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From the Vice Chancellor

Professor David Lloyd Vice Chancellor and President

Over the past month I have spent roughly 60 hours in flight and as many of you would know, that’s when I do some of my best thinking. I mean, once you’ve seen Black Lightning four times and Dumbo begins to pale after the first look, there’s not a whole lot else to do. You can stare out of the window, read a book, go through the paperwork you’ve brought on board or try Dumbo again. So thinking eventually becomes the best option and as you look around at the 300 odd souls who are currently sharing your flight, it doesn’t take long to start thinking about globalisation and how it has blended a new world population, a collaborative culture where people can coexist, work, and learn together despite their genetic or cultural difference.

How could you be an isolationist when there’s so much more to be gained from opening up to the world and letting its opportunities flow? Trading nations like Australia have always understood globalisation. From shipping sheep to the UK in 1900 to educating one in 14 of the world’s foreign students now (along with the rocks and crops that trade experts call iron ore, coal and agricultural products), Australia’s education services are now our number three export, tipping more than $30 billion dollars into the Australian economy. That’s the money hundreds of thousands of international students generate when they come to Australia for their education. They bring vibrancy to our campuses and a ready-made network of possible opportunities for our increasingly internationalised student body who, year after year, graduate from Australia’s universities as sophisticated and capable global citizens. So internationally focused are we that our international outlook has been ranked number one in South Australia, number six in Australia and among the world’s top 50 universities according to the ratings agency, Times Higher Education (THE).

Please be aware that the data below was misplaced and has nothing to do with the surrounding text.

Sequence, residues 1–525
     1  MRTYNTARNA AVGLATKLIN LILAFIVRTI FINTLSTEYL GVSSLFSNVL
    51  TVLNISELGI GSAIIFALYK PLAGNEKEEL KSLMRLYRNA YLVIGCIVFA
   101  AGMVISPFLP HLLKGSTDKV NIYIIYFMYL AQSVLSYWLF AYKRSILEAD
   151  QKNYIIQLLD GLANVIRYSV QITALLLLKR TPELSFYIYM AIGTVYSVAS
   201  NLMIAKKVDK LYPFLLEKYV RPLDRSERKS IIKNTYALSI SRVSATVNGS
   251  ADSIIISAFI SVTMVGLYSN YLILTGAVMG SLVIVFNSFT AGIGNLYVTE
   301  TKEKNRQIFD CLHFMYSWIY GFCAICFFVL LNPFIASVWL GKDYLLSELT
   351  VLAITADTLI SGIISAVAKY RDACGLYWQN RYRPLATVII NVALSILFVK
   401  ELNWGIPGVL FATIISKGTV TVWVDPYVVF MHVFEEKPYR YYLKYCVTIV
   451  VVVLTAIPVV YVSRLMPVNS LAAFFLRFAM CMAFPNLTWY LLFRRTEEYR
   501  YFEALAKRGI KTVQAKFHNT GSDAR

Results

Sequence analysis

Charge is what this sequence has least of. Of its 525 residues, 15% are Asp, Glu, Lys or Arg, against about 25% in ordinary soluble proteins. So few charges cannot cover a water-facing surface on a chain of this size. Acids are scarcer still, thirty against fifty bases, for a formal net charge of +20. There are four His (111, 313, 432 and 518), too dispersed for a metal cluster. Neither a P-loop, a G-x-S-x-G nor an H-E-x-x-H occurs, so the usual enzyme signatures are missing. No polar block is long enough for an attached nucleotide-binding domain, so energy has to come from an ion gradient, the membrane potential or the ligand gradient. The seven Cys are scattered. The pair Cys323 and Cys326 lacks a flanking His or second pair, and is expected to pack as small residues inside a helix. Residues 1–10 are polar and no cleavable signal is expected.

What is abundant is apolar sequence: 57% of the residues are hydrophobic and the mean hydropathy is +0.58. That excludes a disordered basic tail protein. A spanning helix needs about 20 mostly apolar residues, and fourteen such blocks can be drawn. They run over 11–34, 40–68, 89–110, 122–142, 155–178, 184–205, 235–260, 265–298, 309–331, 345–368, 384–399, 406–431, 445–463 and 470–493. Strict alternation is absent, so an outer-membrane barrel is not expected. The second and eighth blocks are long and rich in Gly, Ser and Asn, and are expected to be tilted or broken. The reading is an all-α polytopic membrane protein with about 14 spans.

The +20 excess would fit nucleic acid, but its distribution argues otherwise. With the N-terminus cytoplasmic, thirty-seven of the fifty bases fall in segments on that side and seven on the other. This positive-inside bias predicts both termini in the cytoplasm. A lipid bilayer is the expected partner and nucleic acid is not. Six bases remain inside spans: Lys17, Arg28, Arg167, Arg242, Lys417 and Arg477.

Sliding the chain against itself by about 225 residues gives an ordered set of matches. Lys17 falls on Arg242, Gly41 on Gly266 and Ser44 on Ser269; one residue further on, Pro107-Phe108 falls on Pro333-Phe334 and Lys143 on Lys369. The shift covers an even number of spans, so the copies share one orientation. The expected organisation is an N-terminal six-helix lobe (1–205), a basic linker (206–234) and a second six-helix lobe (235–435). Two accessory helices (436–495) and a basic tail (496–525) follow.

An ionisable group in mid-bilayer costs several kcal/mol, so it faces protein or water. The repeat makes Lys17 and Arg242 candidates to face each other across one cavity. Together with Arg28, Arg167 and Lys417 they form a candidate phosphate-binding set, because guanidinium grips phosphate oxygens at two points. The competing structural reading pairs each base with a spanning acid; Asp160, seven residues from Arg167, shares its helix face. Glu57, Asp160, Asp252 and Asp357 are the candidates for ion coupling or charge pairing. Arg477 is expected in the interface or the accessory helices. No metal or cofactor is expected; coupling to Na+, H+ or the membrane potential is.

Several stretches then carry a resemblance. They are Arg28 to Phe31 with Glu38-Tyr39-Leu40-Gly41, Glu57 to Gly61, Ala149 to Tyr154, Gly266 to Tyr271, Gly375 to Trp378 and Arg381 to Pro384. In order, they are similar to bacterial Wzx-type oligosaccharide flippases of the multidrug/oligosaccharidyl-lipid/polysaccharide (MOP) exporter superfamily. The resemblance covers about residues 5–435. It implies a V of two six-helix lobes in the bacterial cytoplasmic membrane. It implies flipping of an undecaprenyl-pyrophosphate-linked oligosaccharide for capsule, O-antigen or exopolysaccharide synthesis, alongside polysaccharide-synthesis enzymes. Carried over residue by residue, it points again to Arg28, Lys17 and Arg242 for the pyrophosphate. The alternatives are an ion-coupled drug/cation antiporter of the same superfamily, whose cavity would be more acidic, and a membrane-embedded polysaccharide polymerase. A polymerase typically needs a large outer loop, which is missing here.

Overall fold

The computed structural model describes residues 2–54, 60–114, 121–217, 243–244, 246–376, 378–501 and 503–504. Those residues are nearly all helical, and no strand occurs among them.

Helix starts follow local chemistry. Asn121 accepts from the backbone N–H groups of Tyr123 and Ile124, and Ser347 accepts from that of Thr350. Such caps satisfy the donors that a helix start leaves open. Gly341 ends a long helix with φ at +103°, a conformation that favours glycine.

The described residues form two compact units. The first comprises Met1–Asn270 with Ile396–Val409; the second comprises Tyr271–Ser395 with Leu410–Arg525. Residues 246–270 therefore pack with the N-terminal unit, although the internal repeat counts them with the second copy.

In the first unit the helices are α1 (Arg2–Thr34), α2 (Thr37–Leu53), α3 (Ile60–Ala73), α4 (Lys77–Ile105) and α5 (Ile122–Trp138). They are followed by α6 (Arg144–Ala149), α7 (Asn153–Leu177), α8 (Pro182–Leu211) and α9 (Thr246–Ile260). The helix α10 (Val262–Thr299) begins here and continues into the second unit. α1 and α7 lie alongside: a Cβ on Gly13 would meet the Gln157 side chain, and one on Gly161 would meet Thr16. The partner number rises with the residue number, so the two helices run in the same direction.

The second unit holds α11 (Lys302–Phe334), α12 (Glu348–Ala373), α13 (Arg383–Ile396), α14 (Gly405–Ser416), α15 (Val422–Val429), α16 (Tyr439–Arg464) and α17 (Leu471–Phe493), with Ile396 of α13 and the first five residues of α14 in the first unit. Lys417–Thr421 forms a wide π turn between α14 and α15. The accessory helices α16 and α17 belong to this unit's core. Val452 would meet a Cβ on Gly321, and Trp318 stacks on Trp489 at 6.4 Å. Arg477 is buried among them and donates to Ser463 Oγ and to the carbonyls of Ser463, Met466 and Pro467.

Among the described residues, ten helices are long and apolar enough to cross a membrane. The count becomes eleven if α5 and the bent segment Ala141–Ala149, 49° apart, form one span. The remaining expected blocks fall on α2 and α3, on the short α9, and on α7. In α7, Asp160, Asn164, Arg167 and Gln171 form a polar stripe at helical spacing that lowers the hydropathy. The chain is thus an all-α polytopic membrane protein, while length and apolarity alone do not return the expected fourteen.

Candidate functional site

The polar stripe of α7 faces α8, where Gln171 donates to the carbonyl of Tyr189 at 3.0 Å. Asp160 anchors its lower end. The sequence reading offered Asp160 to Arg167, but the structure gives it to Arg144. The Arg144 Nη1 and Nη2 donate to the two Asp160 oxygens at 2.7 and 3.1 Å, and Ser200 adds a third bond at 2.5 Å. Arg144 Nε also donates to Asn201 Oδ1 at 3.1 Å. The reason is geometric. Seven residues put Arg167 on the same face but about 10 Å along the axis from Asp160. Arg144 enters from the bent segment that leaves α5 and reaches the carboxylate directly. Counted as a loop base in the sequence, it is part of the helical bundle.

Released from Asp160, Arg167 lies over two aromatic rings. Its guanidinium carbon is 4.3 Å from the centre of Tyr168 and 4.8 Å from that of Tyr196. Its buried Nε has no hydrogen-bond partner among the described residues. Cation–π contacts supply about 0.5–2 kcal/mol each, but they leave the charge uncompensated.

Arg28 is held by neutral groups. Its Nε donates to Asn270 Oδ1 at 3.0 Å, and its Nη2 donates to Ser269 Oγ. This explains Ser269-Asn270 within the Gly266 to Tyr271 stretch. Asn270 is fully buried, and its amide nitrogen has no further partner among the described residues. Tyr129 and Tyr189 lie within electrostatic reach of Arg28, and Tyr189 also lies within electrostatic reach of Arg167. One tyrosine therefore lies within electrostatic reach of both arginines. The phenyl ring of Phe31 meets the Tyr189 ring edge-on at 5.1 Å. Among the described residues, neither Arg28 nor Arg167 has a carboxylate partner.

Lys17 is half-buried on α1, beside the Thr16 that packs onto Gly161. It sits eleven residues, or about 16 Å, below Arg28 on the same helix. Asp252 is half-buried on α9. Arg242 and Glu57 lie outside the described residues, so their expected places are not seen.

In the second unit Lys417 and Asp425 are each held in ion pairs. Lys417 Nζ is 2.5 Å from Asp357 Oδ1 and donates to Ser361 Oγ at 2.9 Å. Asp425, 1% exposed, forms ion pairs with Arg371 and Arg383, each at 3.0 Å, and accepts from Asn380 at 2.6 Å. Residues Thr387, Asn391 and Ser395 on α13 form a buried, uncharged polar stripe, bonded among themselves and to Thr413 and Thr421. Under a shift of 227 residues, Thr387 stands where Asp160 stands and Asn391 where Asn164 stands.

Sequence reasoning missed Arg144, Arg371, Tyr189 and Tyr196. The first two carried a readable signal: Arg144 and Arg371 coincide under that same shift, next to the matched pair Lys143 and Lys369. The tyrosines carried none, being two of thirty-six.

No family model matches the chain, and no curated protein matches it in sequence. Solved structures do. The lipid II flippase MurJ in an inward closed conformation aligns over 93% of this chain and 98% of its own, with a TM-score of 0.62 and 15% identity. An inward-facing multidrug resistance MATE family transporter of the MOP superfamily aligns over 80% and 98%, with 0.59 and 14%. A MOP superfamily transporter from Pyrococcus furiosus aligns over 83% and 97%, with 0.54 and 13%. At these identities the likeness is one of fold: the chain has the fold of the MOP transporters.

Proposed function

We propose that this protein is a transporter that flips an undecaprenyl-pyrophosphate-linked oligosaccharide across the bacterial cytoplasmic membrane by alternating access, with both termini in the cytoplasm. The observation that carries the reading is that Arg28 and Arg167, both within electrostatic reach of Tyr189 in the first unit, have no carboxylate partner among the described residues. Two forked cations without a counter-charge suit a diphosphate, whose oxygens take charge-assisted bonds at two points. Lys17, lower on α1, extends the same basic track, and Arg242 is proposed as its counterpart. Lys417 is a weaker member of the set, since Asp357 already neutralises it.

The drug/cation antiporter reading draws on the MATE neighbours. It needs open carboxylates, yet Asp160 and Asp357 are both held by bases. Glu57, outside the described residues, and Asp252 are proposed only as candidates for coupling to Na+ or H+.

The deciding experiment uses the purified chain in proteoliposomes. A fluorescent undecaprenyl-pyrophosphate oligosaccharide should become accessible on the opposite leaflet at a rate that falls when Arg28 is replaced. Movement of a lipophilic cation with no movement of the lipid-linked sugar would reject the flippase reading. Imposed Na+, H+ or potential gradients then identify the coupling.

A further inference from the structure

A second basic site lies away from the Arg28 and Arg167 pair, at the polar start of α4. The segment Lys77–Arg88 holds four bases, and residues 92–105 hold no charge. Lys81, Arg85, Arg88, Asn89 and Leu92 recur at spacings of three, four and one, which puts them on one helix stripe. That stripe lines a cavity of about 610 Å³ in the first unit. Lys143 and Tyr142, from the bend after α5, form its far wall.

UniSA has always had a global focus going back to 1988 when our predecessor, the South Australian College of Advanced Education (SACAE) accepted our first international students. SACAE offered one of the world’s first Master’s degrees in distance education jointly offered with Deakin University and at one stage after becoming a university in our own right, we were the largest provider in Australia of education programs offered offshore with thousands of courses being taught by our academics throughout Asia.

Now we have nearly 6000 international students studying here in Adelaide with us. They all graduate, as our local students do, with Graduate Qualities baked into their degrees, one of which is to demonstrate international perspectives as a professional and as a citizen.

Very soon we will further extend our reach internationally by offering our online study opportunities to prospective students around the globe. These programs have been a huge success in Australia in the past 18 months and will go live soon to give international students the opportunity to get a degree with us without leaving home.

We have major partnerships with education institutions and governments around the world including a China based joint college with Xi’an University of Architecture and Technology (XAUAT), one of China’s highest ranked universities for civil engineering. We also host a number of internationally focused research efforts with universities around the world.

We made a commitment five years ago to be a globally visible university with international reach and leverage. It’s good for our students, good for our academics and good for our international rankings. It helps bring the best and brightest to study and work here. And for all of our students, international as well as local, we want to enhance their employability and global capability by giving them opportunities both for study and for workplace experience, as well as developing their internationally relevant skills within the curriculum.

We’re contributing to a new global society that will eventually overcome all those differences in culture, language, religions and other differences that used to separate us. That is, after all, what education is really all about.

Professor David Lloyd
Vice Chancellor and President